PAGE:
Informal housing, the corrugated-metal structure, has one utility: electricity, delivered from hundreds of poles with thousands of wires fanning out like the bones of a circus tent. There is no running water or indoor plumbing, only jugs, tubs and communal port-a-johns, which a large tanker truck pumps out several times a week.
Formal housing has two bedrooms, electricity, running water and an indoor bathroom with a tub or shower.
Residents of informal housing can apply to the government for a formal house. Many do. If they are accepted, the house is free. A family approved for a formal house today, Juma says, will get it by 2030, or maybe 2033.
Some residents try to save money to buy a house on their own, which requires finding a job in a country where unemployment runs around 27%. The employment rate in the township is about 50%, in large part because apartheid pushed the township far enough away from Cape Town, and most of the jobs, that many people simply can’t get there.
Almost no one has a car. It’s too far to walk. Public transportation is dodgy. The only solution for many Khayelitsha residents is to start their own businesses. Hair styling, produce, laundry, housewares, takeout food, whatever. In Khayelitsha, you see “Cash Store” more often than you see “Starbucks” in Seattle.
What you don’t see are cell phones. In a scenario that would be unthinkable for London, Hong Kong or Peoria, not a single person walking down these streets is staring at a phone. Not one.
Asked about this, Juma laughs. “Don’t be completely fooled,” he says. “The kids find ways to get access. They go to centers that have wi-fi. They’re kids. They figure things out.”
So do the grownups: The long line of low rooftops in Khayelitsha is dotted with satellite dishes. Thank you, electricity.
“People love their sports,” says Juma. He also says it’s okay when TV imports a world that must seem galaxies removed.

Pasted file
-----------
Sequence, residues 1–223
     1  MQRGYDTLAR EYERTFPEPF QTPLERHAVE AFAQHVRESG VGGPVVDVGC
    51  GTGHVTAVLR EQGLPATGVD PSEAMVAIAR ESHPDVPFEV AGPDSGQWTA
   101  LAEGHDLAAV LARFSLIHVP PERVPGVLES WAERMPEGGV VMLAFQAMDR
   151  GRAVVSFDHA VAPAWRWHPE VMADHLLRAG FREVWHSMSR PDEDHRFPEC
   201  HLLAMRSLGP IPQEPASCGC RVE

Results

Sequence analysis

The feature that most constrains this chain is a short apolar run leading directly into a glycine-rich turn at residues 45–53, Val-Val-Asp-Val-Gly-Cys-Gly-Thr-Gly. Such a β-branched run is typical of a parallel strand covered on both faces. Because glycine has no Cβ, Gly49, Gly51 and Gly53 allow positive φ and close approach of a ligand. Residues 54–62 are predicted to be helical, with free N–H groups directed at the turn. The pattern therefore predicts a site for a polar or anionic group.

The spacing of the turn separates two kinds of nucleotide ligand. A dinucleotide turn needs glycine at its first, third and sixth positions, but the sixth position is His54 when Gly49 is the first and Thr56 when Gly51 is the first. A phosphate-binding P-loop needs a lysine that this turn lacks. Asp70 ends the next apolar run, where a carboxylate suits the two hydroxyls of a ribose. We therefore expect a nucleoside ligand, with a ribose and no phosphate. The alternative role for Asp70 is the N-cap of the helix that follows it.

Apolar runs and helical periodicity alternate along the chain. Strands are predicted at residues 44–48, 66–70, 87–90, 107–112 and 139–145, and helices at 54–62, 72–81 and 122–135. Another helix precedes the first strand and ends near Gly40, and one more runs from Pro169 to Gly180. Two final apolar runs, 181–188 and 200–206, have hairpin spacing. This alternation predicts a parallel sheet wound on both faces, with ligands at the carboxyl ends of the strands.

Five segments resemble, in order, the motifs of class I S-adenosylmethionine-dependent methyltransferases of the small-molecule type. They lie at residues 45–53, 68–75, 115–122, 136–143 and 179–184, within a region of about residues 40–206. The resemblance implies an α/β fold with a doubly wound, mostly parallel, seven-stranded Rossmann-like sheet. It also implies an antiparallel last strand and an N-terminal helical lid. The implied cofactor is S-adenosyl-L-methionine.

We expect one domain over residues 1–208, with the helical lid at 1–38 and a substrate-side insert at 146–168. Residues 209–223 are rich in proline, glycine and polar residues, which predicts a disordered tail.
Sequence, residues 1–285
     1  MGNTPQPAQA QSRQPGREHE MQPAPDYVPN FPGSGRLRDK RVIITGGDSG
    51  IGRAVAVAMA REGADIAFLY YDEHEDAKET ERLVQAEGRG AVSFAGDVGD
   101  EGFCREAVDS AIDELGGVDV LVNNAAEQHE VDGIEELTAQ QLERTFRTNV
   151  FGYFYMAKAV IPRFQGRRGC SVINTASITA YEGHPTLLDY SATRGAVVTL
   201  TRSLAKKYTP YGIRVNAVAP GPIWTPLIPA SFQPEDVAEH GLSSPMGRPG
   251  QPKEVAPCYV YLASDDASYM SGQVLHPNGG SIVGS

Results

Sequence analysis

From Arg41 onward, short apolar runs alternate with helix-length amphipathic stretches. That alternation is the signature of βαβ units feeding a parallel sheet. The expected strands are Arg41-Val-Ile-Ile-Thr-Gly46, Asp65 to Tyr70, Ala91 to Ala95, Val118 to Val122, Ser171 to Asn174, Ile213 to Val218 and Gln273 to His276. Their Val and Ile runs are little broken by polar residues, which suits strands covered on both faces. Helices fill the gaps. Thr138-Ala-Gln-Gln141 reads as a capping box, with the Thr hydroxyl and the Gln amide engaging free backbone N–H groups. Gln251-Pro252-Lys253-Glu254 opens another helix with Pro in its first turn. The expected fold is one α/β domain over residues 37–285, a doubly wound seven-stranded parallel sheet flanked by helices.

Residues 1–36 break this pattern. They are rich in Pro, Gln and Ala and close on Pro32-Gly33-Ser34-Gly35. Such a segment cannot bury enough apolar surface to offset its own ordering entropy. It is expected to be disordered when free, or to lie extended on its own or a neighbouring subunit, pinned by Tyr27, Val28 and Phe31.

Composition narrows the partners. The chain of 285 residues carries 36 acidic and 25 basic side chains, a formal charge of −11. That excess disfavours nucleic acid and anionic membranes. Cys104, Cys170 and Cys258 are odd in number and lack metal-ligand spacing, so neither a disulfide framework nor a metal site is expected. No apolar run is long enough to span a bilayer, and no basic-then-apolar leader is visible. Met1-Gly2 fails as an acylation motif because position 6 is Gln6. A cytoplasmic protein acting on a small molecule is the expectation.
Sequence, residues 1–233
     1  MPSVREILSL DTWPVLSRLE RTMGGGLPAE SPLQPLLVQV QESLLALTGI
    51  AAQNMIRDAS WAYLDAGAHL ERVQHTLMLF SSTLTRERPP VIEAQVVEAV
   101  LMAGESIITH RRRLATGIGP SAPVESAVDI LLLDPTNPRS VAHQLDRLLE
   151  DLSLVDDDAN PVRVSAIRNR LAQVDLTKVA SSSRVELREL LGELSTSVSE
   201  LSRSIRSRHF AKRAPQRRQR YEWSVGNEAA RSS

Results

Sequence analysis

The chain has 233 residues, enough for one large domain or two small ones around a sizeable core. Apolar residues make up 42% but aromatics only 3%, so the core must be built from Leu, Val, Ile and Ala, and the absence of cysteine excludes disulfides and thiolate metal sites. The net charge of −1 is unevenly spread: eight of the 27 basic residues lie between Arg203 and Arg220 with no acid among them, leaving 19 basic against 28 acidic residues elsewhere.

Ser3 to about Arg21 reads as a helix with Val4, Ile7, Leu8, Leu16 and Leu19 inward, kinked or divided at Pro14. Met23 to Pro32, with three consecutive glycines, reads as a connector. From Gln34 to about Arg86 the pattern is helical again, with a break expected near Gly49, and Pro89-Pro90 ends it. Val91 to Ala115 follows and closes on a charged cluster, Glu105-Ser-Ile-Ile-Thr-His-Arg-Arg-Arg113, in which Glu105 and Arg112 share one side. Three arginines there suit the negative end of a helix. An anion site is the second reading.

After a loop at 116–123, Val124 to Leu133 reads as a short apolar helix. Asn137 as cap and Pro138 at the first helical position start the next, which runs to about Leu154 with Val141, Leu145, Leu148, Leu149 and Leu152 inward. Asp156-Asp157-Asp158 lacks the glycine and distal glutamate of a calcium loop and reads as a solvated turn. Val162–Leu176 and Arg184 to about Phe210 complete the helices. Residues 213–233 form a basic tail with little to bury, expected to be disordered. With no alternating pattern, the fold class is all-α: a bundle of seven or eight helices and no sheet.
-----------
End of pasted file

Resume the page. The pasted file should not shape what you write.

“People here are grateful for what they have,” he says, and while that’s a phrase always packed with nuance, Juma is perhaps suggesting that progress is best measured in generations.
One generation ago there were passbooks, curfews, police raids and white boots on every black and coloured neck. Today there are not. It’s a start. .
There is still crime. There are also activity centers, youth programs, art classes, sports, markets, schools and elections.
There are gardens too, private and communal. “One of my dreams,” says Juma, “is that every home will have a garden.”
Call it an unintended legacy of apartheid: Adversity breeds community. “People know each other here,” Juma says. “They take care of each other. There are people who could afford to move out who stay.”
That is to say, Khayelitsha like all communities embodies more complexities than an aerial photograph might suggest. If outside visitors see and perhaps absorb a little of that, Juma tells us, the visit has been valuable.
And can these visitors tell how the people who live in Khayelitsha feel about us dropping in?
No, not really.
The faces on the streets here are, frankly, too normal. You might as well be trying to read the minds of passersby in Tuscaloosa. Many smile, some look away, some seem wary. Clusters of teenage girls laugh over their private dramas. Young boys stop horsing around long enough to mug for cameras. A woman in a bright red dress carrying a baby doesn’t volunteer to have her picture taken, but accommodates a request.
You’re there for a few minutes. You can’t know.
But you can know this: Early in the spring, Irene is growing a fine crop of spinach.